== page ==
My First Table Topics Speech


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Last night, I became a fully paid-up member of Maidenhead Speakers Club, my local Toastmasters club – and I gave my first “Table Topics” speech.

My wife Magdalena decided she wouldn’t really have time to take part because of the iminent baby (she is 33 weeks pregnant), so I was up against it by myself.

Well, it was all a bit nerve-racking, but I seemed to survive it OK.

Luckily, prior to my being chosen, one of the Maidenhead club, Steve, gave an excellent “educational” talk on giving impromptu speeches.

Knowing I’d soon be up there, giving a talk on a topic still to be decided, I tried to remember every little detail of Steve’s excellent talk. There was a lot to take in. My racing mind struggled, but I established it was a good thing to make pauses, convey confidence, never to apologise and … … and whole lot more which made my brain hurt.

Anyhow, Helen, our club president had asked me before if I might like to speak, so I knew in advance there was a good chance I would.

When it came to it, there were a couple of table topics speeches before mine; I had a bit of time to stew. And then I got up there.

I started off well. Bearing in mind that Steve had emphasised the importance of pauses, I started by going up and saying nothing, just rubbing my chin. Then, I said “Well, that’s my pause done and out of the way. Thanks for the advice, Steve. Now I can get on with my speech.”

I suppose this wasn’t really very funny, though it did get a laugh that sounded sincere and not too apologetic.

I waffled on for a while about how I wanted to become more confident and articulate, and how nerve-wracking this was for a newbie like me. I was beginning to repeat myself. My pulse was racing. I said something, and then realised it sounded all too familiar to me. I’d said the same thing just a few sentences ago. A sinking, desperate feeling started to engulf me.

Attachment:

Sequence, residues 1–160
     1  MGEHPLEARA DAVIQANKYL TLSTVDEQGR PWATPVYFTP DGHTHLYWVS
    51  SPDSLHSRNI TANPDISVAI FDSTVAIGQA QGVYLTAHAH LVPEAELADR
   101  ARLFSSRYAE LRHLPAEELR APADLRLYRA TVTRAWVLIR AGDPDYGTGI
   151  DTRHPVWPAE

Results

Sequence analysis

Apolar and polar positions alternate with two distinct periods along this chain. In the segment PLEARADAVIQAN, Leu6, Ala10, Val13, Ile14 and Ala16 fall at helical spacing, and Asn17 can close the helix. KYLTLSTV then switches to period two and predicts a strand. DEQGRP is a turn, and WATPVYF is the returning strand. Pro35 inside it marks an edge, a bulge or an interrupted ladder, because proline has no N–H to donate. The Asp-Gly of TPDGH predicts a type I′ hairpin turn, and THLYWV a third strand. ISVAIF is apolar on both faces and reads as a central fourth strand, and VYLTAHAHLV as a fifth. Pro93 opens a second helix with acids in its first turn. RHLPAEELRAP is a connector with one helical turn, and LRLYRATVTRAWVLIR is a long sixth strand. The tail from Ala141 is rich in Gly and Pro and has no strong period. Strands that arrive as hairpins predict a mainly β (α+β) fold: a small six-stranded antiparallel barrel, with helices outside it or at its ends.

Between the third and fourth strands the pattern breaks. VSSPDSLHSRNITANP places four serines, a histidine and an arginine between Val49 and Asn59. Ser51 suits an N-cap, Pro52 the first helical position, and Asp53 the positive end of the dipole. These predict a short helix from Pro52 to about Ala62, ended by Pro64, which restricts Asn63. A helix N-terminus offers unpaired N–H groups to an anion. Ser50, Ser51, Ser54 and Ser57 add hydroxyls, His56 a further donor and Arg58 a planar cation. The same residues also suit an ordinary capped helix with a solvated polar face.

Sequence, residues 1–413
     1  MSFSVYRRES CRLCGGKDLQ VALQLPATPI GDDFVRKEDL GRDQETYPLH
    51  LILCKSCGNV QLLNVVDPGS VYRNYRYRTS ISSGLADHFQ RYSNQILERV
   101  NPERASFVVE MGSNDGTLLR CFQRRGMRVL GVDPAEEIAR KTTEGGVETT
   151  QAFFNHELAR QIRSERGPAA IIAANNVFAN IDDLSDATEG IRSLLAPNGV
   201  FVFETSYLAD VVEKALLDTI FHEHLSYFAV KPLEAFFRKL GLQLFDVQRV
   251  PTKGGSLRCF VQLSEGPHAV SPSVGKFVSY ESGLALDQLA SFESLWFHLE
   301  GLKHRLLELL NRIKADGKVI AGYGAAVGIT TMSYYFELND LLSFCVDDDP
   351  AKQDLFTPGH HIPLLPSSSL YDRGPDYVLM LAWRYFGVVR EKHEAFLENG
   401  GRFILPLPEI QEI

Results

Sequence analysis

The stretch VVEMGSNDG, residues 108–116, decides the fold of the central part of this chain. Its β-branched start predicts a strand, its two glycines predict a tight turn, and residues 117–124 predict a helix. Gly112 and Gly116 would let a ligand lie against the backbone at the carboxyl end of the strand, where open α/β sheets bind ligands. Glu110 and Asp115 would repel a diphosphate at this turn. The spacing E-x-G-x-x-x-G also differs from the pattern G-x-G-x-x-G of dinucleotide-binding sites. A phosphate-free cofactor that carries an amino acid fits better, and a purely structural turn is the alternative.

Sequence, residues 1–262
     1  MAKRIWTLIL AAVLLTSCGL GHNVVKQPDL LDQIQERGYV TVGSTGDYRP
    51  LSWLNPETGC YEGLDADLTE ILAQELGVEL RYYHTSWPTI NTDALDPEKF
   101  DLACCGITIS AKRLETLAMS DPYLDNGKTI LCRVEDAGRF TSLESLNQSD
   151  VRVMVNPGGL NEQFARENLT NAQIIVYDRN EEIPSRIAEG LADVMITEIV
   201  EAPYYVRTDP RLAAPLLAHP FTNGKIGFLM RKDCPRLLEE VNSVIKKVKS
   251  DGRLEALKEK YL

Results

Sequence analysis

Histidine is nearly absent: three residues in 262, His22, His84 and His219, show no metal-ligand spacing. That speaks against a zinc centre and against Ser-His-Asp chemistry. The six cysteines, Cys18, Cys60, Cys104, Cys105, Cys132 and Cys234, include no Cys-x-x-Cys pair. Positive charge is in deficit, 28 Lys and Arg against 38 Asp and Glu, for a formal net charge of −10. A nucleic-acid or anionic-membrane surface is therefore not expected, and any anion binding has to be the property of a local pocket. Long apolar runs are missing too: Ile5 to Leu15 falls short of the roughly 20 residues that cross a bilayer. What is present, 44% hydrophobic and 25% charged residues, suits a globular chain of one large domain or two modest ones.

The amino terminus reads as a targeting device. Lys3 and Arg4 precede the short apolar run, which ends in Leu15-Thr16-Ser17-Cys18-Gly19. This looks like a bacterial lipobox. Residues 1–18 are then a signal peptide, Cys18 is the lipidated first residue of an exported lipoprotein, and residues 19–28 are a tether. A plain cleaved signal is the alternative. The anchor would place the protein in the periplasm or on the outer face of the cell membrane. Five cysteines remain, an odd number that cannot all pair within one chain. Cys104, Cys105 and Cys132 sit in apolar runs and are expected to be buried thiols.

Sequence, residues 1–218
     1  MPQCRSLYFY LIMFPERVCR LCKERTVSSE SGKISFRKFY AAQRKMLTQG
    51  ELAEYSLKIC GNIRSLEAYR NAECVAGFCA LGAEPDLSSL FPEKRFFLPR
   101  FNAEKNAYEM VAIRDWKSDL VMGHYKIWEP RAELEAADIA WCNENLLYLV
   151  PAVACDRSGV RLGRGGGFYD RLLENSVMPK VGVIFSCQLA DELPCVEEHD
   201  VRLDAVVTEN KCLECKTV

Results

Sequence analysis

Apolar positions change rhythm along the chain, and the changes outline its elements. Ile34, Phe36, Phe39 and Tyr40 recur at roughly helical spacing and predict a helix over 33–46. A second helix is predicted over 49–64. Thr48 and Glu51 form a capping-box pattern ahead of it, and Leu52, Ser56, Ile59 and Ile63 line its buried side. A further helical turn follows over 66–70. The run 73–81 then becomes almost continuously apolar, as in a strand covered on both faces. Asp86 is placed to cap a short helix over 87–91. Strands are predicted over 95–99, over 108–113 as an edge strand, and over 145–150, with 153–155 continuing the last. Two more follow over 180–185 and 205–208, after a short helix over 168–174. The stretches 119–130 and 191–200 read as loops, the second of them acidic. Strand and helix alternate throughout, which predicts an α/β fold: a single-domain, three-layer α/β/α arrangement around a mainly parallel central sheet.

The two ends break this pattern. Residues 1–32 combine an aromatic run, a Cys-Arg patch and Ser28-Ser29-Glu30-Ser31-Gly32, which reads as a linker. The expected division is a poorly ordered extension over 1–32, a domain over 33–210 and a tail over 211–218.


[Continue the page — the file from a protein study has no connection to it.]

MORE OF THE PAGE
And then: inspiration. I started to talk about how I’d come to this nerve-racking position.

I started just to tell a story, just as I would to a friend. My story started about with Magdalena’s going to the Toastmasters club in London. Then, once we’d moved to Maidenhead, I thought it’d be fun for us to do something together, and join Toastmasters in Maidenhead. So here I was, all by myself!

Well it wasn’t much better than my earlier joke, but it seemed to get a real laugh this time and I was on a roll.

Out of the corner of my eye, I saw a green light come on. I’d been up there a minute. A few more random anecdotes later, another, yellow light came on and I knew I was passed the critical point.

I tired to form some kind of natural conclusion (actually, I can’t remember a word of what I said here) before finishing off. I finished before the red light could come on, but I felt I’d done enough.

Someone said of my little talk later, “Colin talked eloquently and with confidence about wanting to talk eloquently and with confidence,” and I felt pretty good about that.

I’m all geared up for the next step. Most of the speakers are working their way through a book of exercises, each speech in turn focusing on a different skill such as “gesticulating” and “speaking confidently”.

The first of these is known as “The Icebreaker”.

Explore posts in the same categories: Learning to Speak

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